The first flexible stethoscope of any sort may have been a binaural instrument with articulated joints not very clearly described in 1829.In 1840, Golding Bird described a stethoscope he had been using with a flexible tube. Bird was the first to publish a description of such a stethoscope but he noted in his paper the prior existence of an earlier design (which he thought was of little utility) which he described as the snake ear trumpet. Bird’s stethoscope had a single earpiece. In 1851, Irish physician Arthur Leared invented a binaural stethoscope, and in 1852 George Cammann perfected the design of the instrument for commercial production, which has become the standard ever since. Cammann also wrote a major treatise on diagnosis by auscultation, which the refined binaural stethoscope made possible. By 1873, there were descriptions of a differential stethoscope that could connect to slightly different locations to create a slight stereo effect, though this did not become a standard tool in clinical practice. Rappaport and Sprague designed a new stethoscope in the 1940s, which became the standard by which other stethoscopes are measured, consisting of two sides, one of which is used for the respiratory system, the other for the cardiovascular system. The Rappaport-Sprague was later made by Hewlett-Packard. HP’s medical products division was spun off as part of Agilent Technologies, Inc., where it became Agilent Healthcare. Agilent Healthcare was purchased by Philips which became Philips Medical Systems, before the walnut-boxed, $300, original Rappaport-Sprague stethoscope was finally abandoned ca. 2004, along with Philips’ brand (manufactured by Andromed, of Montreal, Canada) electronic stethoscope model. The Rappaport-Sprague model stethoscope was heavy and short (18–24 in (46–61 cm)) with an antiquated appearance recognizable by their two large independent latex rubber tubes connecting an exposed-leaf-spring-joined-pair of opposing “f”-shaped chrome-plated brass binaural ear tubes with a dual-head chest piece. Several other minor refinements were made to stethoscopes, until in the early 1960s Dr. David Littmann, a Harvard Medical School professor, created a new stethoscope that was lighter than previous models and had improved acoustics. The Littmann stethoscope is the model used by most medical students today.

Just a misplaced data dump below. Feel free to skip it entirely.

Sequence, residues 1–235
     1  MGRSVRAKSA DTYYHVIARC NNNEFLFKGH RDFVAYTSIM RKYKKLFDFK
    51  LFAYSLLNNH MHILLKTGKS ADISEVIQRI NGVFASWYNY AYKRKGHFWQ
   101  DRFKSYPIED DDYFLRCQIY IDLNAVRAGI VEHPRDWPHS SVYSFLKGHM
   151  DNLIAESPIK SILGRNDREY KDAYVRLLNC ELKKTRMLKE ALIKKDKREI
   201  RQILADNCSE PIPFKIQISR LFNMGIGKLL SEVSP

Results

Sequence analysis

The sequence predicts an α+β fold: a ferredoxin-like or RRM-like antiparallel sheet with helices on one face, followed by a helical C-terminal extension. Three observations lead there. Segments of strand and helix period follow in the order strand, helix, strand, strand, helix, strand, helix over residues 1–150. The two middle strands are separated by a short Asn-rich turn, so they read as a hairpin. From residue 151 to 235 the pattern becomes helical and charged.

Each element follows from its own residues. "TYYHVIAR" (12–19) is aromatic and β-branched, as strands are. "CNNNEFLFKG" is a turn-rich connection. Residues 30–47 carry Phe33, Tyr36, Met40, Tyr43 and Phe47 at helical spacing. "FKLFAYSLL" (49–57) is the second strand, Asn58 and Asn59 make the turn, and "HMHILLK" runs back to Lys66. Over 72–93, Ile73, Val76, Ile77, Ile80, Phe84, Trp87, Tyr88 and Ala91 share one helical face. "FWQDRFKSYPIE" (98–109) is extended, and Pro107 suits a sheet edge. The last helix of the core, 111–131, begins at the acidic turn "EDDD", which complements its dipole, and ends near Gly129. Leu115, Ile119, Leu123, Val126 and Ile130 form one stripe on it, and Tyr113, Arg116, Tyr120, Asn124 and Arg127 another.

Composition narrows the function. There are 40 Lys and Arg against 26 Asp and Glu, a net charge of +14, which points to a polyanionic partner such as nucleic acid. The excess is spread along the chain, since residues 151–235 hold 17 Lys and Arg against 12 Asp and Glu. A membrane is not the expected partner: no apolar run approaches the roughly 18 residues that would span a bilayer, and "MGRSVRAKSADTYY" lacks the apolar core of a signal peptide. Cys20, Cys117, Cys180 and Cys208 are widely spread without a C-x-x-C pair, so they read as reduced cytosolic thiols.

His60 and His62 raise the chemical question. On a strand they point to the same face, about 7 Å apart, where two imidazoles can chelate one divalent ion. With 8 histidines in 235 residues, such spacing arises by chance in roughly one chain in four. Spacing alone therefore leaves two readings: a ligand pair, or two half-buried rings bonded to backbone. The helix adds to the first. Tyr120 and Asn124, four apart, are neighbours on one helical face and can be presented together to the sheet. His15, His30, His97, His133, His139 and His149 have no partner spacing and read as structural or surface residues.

Nurses are the glue that holds much of health care together. Nurse practitioners can effectively manage 80% of primary care with outcomes that equal or exceed physician care. Nurse anesthetists manage care during surgical procedures, nurse midwives deliver babies, and nurses provide care in homes, clinics, senior living centers, schools, and hospitals.

Mary Jo Kreitzer, co-editor of Integrative Nursing on the role of nurses today. (via medicalschool)

Nurses!

(Source: oupacademic)

At a cardiac arrest, the first procedure is to take your own pulse

Im missing college days, too!! Kanang makasabay imong girlcrush sa elevatorrrr! Lol #repost

Im missing college days, too!! Kanang makasabay imong girlcrush sa elevatorrrr! Lol #repost

No to retainers, yes to prosthetics! Thanks Tita no more spaciiing #postdentselfie

No to retainers, yes to prosthetics! Thanks Tita no more spaciiing #postdentselfie

Yayay face since Sat, and tomorrow again :&#8217;( #dentsessions

Yayay face since Sat, and tomorrow again :’( #dentsessions

@silkaipage Good morning Hagz!! How I wish I could spend time with you again and celebrate with you today Happy birthday Hagz! Enjoy what you got today and tomorrow, you deserved all of that, loving family, successful career, blooming love life! Because you&#8217;re one of those good persons and you get to stay humble! Though always miles apart, I know we&#8217;re always there for each other. We may not talk that often, but I believe one day, mag bond ra gyud ta tanan to the highest level Haha. Im very very happy for you! Enjoy the day and most of all, thank God for all the blessings I love you! xoxo

@silkaipage Good morning Hagz!! How I wish I could spend time with you again and celebrate with you today Happy birthday Hagz! Enjoy what you got today and tomorrow, you deserved all of that, loving family, successful career, blooming love life! Because you’re one of those good persons and you get to stay humble! Though always miles apart, I know we’re always there for each other. We may not talk that often, but I believe one day, mag bond ra gyud ta tanan to the highest level Haha. Im very very happy for you! Enjoy the day and most of all, thank God for all the blessings I love you! xoxo

Dont like ER before it has changed everything. Seems its going to happen again! Pedia is not love :( How ironic, though!

Dont like ER before it has changed everything. Seems its going to happen again! Pedia is not love :( How ironic, though!